Did you know that low-quality content on some parts of a website can impact the whole site’s rankings?
It’s a fact. Low-quality content on some parts of your website may be hurting your search engine rankings. This ugly truth may be hard to swallow, but the rewards for dealing with it far outweigh the time and energy spent to fix it. Let’s look at what low-quality content is, why we should clean it up, and how.
What is low-quality content or shallow content?
The low-quality or shallow content that I am referring is content that may have been included on a website that offers very little content or value. A web page with only a few words or sentences may be perceived as shallow content by the search engines.
Another example of low-quality content, according to Jill Whalen of High Rankings Advisor, is content that is “very similar to what’s on other pages of the website.” These types of content pages may have been dynamically generated by a content management system (CMS) like WordPress.
Eric Enge of Stone Temple Consulting describes low-quality or “thin content” as
These are pages on your website that have very little to no unique text content.
Why we should clean up low-quality content
When Google’s Panda and Penguin algorithm changes were rolled out in 2011 and 2012, many website owners felt the shock waves. Many site owners who had been following the rules saw their web traffic affected. Google’s definition of what counts as high-quality content in More guidance on building high-quality sites [May 2011] states:
“Our site quality algorithms are aimed at helping people find “high-quality” sites by reducing the rankings of low-quality content. The recent “Panda” change tackles the difficult task of algorithmically assessing website quality.”
Cleanup Task List
You may be asking where you should begin, how to identify and how to go about cleaning up what might be perceived as low-quality or shallow content. Google has provided specific guidelines for website owners to follow in the Webmaster Central Blog article, More Guidance on building high-quality sites:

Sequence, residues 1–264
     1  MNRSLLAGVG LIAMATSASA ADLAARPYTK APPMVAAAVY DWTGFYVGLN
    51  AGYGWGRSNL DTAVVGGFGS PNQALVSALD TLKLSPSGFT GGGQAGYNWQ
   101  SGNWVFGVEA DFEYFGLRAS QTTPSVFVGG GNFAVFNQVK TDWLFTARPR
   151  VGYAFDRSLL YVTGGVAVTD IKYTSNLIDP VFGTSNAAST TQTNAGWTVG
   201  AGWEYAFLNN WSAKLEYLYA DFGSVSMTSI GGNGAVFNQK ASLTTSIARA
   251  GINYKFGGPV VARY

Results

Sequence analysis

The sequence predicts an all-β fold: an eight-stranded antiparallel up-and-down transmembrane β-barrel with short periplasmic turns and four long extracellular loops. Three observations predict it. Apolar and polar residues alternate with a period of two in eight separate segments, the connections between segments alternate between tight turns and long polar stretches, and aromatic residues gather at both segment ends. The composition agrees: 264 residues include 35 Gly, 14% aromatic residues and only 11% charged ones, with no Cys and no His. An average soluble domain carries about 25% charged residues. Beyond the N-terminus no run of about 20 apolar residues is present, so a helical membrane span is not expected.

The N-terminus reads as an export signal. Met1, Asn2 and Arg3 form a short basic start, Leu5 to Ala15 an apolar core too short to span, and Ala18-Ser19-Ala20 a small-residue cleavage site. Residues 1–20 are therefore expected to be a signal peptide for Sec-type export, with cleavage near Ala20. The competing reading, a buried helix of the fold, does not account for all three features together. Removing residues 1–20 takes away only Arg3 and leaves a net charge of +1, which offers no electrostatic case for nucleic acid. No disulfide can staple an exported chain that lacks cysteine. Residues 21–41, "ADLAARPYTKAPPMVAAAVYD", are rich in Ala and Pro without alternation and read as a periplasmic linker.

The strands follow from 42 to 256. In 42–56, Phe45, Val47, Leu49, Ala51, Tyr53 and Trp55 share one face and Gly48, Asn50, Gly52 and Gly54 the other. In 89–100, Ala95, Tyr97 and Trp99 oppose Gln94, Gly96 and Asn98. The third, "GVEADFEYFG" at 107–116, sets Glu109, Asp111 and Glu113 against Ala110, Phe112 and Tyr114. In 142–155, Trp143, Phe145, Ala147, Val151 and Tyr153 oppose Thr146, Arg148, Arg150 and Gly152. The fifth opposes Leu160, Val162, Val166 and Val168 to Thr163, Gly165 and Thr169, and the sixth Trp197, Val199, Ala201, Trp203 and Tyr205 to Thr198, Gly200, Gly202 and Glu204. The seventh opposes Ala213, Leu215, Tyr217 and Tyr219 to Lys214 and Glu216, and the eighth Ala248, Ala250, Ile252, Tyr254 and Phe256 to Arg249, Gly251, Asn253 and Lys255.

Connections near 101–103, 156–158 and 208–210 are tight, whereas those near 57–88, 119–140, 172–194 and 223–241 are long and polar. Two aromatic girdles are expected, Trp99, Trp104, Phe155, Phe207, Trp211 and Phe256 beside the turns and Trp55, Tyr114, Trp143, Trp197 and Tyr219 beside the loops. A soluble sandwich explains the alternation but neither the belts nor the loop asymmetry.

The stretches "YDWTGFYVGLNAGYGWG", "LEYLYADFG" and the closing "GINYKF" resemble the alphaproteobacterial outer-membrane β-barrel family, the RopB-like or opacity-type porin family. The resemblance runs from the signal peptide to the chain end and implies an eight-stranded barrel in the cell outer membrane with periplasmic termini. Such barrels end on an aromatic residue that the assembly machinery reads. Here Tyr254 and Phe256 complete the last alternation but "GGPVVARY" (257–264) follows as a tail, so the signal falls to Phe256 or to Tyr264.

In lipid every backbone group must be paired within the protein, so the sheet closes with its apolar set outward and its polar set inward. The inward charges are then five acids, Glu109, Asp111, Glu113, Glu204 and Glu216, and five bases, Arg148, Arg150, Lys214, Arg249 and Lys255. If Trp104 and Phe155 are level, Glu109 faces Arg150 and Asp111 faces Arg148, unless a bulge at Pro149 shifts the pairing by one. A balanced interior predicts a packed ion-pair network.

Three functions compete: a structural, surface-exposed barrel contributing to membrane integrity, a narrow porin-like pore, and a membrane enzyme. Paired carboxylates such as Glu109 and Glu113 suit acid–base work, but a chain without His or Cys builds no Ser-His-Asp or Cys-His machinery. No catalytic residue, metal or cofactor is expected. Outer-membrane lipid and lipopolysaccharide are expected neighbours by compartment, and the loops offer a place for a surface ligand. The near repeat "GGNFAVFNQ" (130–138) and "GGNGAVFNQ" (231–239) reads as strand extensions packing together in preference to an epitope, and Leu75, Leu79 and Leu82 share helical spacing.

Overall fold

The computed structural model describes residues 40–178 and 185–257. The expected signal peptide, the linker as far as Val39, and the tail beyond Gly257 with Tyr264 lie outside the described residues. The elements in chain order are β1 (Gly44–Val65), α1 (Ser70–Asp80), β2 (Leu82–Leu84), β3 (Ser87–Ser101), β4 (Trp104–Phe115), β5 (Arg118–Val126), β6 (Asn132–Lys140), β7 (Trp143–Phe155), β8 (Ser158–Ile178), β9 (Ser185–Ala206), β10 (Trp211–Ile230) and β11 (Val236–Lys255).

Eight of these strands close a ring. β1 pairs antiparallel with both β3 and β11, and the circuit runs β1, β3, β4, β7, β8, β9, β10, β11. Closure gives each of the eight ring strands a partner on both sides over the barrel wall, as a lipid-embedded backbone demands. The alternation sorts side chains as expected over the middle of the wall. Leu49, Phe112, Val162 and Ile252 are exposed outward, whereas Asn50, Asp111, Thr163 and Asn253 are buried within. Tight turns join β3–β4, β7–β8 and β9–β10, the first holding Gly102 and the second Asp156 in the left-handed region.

“One other specific piece of guidance we’ve offered is that low-quality content on some parts of a website can impact the whole site’s rankings, and thus removing low-quality pages, merging or improving the content of individual shallow pages into more useful pages, or moving low-quality pages to a different domain could eventually help the rankings of your higher-quality content.”
To restate Google’s Advice:
- Remove low-quality pages.
- Merge or improve the content of individual shallow pages.
- Move low-quality pages to a different domain.
Examples of Low-Quality or Shallow Content
Examples of content that may be identified as low-quality or shallow content include:
- Short Blog Articles: Blog articles with a few sentences about an article and then a link to the original article for further reading.
- What you can do: Consider removing the page or improve the content by writing more about the linked article with your own take on it.
- In the future, instead of posting a quick two or three sentence blog post introducing an article, consider posting it instead on a social networking site like Facebook, Google+ or Twitter.
- CMS Troubleshooting: Pages generated by CMS (Content Management Systems) that provide little content or duplicate content. WordPress is known to generate duplicate content. Ways to avoid duplicate content in WordPress: